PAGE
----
The COVID-19 pandemic has caused a seismic shock to businesses across all industries. As the situation changes rapidly, it is imperative for businesses to plan their mitigation strategies, and ensure they have a working model in place to ensure business continuity. This has also forced businesses to look into reshaping their working models, including supply chains to mitigate risks and ensure business continuity.
Our Thomson Reuters team interviewed Patrick Earl and Mandip Dulay, Founding Partners of the COO Network (ME), as they provided us with insights on how businesses should manage and operate in the current volatile environment.
Q1. What impact will the crisis have on future business continuity plans?
Firstly, businesses are going to be much more aware of the need to have a really strong BCP in place, with much more detailed scenario planning and regular stress testing. The BCP will have much greater prominence at board level. One of the many tough lessons that business professionals will learn from COVID-19 is that, when it comes to business continuity planning, it’s a question of ‘when’ you will need to rely on your plan and not ‘if’.
Secondly, any company that did not invest beforehand in the technology required to support its business during a business continuity incident will be forced to revise its strategy (assuming said company survives the current crisis).
Q2. How prepared are businesses from a continuity perspective to manage disasters such as COVID-19?
Even businesses with the strongest business continuity planning could not have been prepared for a crisis on the scale of COVID-19.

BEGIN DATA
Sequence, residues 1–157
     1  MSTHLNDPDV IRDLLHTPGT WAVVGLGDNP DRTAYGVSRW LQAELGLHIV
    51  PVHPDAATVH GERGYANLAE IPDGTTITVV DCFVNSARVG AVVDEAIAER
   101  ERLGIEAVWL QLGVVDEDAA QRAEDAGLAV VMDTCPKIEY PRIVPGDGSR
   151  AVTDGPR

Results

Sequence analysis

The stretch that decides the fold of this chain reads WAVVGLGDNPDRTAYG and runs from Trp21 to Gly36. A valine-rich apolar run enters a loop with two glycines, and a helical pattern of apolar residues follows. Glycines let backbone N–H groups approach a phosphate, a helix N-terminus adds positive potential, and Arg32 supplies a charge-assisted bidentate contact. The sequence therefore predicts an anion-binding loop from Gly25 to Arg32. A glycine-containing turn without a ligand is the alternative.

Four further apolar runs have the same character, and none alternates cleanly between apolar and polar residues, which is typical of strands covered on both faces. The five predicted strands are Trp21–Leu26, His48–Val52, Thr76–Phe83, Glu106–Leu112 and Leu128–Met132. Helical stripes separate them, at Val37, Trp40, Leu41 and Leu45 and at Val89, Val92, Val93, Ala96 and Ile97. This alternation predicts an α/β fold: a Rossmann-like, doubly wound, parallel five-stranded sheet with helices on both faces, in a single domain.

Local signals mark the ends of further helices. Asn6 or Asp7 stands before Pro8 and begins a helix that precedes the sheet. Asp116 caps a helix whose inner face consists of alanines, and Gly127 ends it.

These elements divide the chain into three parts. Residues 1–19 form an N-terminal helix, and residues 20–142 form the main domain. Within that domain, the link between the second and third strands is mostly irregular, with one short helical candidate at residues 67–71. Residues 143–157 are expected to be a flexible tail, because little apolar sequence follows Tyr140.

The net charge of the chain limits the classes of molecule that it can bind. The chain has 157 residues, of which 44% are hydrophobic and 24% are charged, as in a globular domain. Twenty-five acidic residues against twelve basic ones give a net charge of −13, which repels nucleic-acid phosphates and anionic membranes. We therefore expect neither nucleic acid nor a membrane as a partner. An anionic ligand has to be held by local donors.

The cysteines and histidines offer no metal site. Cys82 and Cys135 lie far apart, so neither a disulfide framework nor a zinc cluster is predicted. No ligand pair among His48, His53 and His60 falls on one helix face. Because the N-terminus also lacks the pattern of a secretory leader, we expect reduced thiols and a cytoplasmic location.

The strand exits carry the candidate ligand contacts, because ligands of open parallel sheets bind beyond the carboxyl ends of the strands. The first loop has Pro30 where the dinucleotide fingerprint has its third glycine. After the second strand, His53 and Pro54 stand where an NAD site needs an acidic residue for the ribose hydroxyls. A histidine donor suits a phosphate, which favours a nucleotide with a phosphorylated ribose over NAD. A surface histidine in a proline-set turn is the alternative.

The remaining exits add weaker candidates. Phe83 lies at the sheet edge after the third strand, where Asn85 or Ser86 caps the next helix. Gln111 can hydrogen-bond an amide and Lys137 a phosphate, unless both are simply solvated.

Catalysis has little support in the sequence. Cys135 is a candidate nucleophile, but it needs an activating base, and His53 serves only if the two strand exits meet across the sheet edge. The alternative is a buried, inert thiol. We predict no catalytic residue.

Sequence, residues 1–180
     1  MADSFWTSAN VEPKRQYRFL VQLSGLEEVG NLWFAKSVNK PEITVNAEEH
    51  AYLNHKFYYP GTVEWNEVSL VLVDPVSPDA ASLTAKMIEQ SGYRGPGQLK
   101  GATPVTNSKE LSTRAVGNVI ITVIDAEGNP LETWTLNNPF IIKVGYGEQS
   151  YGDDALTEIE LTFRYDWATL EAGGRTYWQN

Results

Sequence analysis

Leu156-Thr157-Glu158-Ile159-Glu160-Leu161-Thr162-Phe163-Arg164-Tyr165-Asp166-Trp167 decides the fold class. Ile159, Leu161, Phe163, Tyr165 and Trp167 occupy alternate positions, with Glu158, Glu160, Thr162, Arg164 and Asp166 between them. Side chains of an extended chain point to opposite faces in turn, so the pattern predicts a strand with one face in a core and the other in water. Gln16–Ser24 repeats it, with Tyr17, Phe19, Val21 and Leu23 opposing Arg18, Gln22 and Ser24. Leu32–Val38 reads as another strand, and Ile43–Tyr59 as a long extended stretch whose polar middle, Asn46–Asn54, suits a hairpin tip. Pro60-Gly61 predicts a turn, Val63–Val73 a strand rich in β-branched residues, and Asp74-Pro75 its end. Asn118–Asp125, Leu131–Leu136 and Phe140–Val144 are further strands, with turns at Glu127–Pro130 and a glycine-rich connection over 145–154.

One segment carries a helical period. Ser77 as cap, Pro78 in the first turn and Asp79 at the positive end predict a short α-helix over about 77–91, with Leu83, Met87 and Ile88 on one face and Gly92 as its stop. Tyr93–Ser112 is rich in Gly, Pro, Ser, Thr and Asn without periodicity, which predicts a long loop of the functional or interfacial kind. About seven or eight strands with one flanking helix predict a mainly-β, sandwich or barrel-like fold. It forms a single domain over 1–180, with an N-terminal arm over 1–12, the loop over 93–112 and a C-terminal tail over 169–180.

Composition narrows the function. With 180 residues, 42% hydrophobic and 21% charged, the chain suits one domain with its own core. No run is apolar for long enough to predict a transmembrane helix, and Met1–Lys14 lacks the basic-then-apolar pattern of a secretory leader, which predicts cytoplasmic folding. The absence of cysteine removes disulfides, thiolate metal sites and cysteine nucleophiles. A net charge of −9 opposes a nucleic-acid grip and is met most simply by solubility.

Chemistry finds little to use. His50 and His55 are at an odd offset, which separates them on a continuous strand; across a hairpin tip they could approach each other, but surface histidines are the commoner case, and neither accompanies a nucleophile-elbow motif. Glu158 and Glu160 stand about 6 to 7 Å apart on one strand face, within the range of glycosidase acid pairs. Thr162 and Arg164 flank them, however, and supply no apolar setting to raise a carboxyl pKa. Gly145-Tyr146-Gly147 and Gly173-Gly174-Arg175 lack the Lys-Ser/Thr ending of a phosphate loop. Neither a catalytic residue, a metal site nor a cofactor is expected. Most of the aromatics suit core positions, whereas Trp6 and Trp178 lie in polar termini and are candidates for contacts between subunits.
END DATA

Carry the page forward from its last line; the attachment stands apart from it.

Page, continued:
Having said that, many companies have been able to switch to some form of online or remote working within an incredibly short space of time. This isn’t really a question of businesses being well-prepared for a COVID-19 type scenario but more a reflection of recent technological advancements (e.g. availability of mobile devices, high speed internet, etc.) and lifestyle trends (popularity of e-commerce, flexible working policies, etc.). One could argue that, at least in this one respect, we have been somewhat fortunate.
At this point, I think we should pay tribute to our technology teams. Behind every company still operating today stands a talented and hard-working IT professional!
Q3. What training initiatives should be in place to ensure business continuity?
Every business continuity incident is different, but the first priority should be to ensure that employees have access to the training that will support their health, safety & wellbeing.
From there, a company’s readiness for remote working is probably the second priority. This could be addressed by asking teams to carry out periodic work from home ‘drills’, with appropriate follow-up in respect of any issues identified.
Finally, in the future, I’m sure that many employees will take a keen interest in their employer’s business continuity planning. Companies may want to build BCP awareness training into their annual training cycle, not only to ensure that employees are ready when the time comes, but also to demonstrate that they are a responsible employer.